Eligible activities include fundamental research, industrial research and experimental development, according to the classification found in the ‘Community Framework for State Aid for Research and Development and Innovation’. R&D does not include any routine or periodic changes made to products, production lines, manufacturing processes, existing services or other ‘operations in progress’, even if such changes are improvements.
From 2017, the credit is also available to Italian resident companies, which carry out R&D activities on behalf of entities resident in an EEA Member State or in a country which allows an adequate exchange of information with Italy.
Italian resident taxpayers deriving business income and foreign entities resident in a treaty country that allows an adequate exchange of information with a permanent establishment in Italy may opt for a patent box regime if carrying on R&D activities. Under the regime, 50 percent of eligible income deriving from the exploitation or the direct use of qualifying IPs (software protected by copyrights, patents, designs, models, processes, secret formulas and industrial, commercial or scientific knowledge) is not included in taxable income for IRES and IRAP purposes. Capital gains arising from the sale of IPs are not included in taxable income if at least 90 percent of the proceeds is reinvested within the following two tax years in R&D activities. The election applies, irrevocably, for five years and is renewable. The eligible portion of the tax base, which may benefit from the 50 percent exclusion, is given by the ratio of the R&D costs incurred in maintaining and developing the intangible asset to the total costs of producing that asset (in compliance with the OECD "nexus approach").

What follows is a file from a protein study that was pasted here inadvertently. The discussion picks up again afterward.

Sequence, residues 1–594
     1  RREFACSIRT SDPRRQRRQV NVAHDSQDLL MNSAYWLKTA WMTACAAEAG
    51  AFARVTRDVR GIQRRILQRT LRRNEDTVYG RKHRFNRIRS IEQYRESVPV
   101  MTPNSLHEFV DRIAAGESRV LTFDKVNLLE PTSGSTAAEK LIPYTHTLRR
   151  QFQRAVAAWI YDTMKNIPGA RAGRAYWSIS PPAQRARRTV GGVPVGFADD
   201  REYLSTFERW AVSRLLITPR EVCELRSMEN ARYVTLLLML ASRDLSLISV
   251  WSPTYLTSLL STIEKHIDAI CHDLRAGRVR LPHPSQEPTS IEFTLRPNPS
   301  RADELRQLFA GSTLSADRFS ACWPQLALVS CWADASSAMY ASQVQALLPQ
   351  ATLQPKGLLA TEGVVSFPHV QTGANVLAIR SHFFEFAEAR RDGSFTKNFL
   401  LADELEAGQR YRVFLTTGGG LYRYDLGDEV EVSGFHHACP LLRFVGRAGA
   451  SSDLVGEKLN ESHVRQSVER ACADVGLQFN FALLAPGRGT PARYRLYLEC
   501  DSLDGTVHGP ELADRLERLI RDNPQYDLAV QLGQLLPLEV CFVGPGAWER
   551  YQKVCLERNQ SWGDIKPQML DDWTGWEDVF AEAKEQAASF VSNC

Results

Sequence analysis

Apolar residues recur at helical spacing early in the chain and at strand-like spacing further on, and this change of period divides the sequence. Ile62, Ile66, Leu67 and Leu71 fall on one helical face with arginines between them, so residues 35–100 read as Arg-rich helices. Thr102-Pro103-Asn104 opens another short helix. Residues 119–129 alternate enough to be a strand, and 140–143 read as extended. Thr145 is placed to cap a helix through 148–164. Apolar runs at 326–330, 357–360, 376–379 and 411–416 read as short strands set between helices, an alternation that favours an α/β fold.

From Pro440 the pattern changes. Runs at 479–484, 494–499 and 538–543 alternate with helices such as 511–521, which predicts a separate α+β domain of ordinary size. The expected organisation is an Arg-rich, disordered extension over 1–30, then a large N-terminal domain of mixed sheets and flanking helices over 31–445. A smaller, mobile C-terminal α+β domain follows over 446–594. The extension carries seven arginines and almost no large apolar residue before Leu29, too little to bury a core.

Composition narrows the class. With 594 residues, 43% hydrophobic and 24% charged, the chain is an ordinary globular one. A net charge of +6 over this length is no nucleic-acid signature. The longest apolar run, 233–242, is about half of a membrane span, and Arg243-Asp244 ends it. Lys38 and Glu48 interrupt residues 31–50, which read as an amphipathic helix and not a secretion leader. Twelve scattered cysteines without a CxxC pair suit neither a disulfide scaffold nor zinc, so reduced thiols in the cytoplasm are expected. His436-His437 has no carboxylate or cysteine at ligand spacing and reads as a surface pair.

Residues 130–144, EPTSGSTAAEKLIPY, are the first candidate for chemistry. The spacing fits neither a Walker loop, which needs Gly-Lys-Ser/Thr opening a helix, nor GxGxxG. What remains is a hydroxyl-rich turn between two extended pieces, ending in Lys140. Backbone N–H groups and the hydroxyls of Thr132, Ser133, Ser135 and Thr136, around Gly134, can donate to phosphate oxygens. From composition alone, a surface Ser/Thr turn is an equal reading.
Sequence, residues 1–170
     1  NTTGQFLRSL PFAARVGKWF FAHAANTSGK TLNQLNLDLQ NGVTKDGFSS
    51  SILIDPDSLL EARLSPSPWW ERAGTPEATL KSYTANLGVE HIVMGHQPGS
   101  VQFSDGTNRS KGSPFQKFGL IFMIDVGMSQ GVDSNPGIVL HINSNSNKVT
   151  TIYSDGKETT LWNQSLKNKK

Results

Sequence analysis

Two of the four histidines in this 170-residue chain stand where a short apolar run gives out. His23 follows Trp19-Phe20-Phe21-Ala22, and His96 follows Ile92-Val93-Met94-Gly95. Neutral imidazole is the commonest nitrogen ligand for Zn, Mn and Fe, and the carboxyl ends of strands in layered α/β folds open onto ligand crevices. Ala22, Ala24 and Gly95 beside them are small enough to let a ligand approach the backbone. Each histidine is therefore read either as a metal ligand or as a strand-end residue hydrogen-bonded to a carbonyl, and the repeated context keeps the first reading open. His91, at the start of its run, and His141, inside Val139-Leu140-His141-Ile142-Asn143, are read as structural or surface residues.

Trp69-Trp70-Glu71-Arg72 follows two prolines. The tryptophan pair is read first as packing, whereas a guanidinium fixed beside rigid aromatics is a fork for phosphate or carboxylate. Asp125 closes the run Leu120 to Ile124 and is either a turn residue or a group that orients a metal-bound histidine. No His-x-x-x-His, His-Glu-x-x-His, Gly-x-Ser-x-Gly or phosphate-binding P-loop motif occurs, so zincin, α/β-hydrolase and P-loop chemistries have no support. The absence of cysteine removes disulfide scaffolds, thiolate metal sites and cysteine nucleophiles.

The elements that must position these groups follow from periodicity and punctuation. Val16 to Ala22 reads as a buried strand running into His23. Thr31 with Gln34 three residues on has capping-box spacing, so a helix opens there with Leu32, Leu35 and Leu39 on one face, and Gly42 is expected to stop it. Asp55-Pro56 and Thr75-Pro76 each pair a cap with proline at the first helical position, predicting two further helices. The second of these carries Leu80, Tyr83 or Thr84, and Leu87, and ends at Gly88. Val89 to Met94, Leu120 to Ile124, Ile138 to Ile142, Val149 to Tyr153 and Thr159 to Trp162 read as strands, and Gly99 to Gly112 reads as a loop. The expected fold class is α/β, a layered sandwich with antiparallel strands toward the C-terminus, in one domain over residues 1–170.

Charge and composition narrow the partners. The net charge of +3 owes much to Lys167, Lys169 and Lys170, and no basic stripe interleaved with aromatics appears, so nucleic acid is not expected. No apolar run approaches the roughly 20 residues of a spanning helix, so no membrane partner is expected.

When income derives from the direct use of the intangibles, the amount on which the above exemption applies has to be agreed with the tax authorities through the international tax ruling procedure.